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Vitamin B9 (Folate and folic acid)

• the body form healthy red blood cells
• reduce the risk of birth defects called neural tube defects, such as spina bifida, in unborn babies

Vitamin B9 (Folate and folic acid)

Folate is found in many foods.
The manmade form of folate is called folic acid.
A lack of folate could lead to folate deficiency anaemia.
Sources of Folate: green vegetables (cabbage, kale, spinach), peas, broccoli, liver...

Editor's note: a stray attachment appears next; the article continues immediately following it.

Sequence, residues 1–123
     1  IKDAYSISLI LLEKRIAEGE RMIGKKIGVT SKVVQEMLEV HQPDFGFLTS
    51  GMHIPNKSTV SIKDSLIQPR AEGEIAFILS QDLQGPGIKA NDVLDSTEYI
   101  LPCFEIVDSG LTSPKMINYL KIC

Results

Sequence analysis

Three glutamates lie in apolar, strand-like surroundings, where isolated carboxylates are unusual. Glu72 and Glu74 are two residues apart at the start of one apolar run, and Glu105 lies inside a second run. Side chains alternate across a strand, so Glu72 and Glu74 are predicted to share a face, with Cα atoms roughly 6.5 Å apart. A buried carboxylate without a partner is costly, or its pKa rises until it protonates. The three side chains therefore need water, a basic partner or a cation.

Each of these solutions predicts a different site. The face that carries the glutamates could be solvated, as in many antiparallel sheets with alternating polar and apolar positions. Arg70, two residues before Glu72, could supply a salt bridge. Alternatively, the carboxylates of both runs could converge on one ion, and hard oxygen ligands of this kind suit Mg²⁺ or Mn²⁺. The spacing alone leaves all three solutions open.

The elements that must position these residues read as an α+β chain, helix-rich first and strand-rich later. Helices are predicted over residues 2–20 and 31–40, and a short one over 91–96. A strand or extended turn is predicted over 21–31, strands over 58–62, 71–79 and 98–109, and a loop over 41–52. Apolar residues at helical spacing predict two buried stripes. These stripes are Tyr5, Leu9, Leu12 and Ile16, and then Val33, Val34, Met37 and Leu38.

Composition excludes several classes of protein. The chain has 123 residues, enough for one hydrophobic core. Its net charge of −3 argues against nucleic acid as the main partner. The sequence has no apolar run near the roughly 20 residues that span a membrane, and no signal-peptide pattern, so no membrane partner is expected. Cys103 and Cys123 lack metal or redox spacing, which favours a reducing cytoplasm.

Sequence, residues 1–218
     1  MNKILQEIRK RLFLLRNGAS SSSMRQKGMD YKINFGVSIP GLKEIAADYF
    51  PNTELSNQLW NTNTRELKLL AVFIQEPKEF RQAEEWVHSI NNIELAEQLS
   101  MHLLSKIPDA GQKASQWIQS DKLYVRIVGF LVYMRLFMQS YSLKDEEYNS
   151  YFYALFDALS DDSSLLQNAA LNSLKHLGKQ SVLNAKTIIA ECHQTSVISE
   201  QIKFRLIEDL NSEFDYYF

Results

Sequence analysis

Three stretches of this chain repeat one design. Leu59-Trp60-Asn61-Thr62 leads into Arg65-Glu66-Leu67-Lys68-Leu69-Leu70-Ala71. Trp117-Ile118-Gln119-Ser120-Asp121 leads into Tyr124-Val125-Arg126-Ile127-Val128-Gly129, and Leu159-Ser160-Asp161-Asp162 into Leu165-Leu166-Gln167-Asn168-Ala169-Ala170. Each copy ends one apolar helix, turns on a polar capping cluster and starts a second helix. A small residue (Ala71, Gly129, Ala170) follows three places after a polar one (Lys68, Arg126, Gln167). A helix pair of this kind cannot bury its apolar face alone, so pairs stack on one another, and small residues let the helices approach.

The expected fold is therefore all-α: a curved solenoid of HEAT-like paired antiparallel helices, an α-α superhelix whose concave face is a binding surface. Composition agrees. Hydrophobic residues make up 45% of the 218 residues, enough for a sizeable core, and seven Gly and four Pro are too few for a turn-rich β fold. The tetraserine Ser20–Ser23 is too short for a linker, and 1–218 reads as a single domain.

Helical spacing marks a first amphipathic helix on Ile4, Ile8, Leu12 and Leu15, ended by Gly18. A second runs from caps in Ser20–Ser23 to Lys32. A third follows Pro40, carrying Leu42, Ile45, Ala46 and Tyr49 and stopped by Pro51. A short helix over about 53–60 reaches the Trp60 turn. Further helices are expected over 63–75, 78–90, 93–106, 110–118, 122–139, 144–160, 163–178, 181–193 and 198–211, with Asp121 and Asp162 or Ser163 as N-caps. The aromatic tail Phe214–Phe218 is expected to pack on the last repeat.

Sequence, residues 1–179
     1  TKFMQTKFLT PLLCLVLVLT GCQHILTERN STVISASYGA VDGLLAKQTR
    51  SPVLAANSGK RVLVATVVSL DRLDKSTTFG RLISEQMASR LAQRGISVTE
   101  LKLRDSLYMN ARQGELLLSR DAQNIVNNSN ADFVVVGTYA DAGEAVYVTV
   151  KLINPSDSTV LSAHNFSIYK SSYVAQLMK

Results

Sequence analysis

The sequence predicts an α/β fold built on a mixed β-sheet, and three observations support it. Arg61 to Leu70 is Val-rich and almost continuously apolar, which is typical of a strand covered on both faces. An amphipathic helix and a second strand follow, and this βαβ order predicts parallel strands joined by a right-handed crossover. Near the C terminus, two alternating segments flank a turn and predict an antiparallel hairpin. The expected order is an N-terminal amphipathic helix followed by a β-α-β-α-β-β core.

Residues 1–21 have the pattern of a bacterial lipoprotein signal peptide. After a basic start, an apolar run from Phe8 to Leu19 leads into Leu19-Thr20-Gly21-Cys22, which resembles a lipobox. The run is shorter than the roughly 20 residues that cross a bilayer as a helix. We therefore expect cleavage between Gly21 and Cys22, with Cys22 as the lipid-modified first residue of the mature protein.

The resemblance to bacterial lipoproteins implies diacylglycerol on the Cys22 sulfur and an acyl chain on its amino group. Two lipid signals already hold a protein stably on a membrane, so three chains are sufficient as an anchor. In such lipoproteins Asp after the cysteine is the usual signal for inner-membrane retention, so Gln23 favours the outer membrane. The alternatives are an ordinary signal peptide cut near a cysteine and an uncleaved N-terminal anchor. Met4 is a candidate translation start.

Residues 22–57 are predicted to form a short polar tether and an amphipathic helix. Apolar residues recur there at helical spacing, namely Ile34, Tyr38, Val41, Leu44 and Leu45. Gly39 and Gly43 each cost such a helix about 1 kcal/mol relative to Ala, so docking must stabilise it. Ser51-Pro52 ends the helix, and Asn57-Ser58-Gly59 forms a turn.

There are no long-term stores in the body, so you need to eat folate-containing foods frequently.

The Recommended Dietary Allowance (RDA):
- for folate is listed as micrograms (mcg) of dietary folate equivalents (DFE),
- men and women ages 19 years and older should aim for 400 mcg (400µg) DFE,
- pregnant and lactating women require 600 mcg (600µg) DFE and 500 mcg (500µg) DFE, respectively,
- people who regularly drink alcohol should aim for at least 600 mcg (600µg) DFE of folate daily since alcohol can impair its absorption.

A Tolerable Upper Intake Level (UL) is the maximum daily dose unlikely to cause adverse side effects in the general population. The UL for adults for folic acid from fortified food or supplements (not including folate from food) is set at 1.000 mcg (1.000µg) a day.

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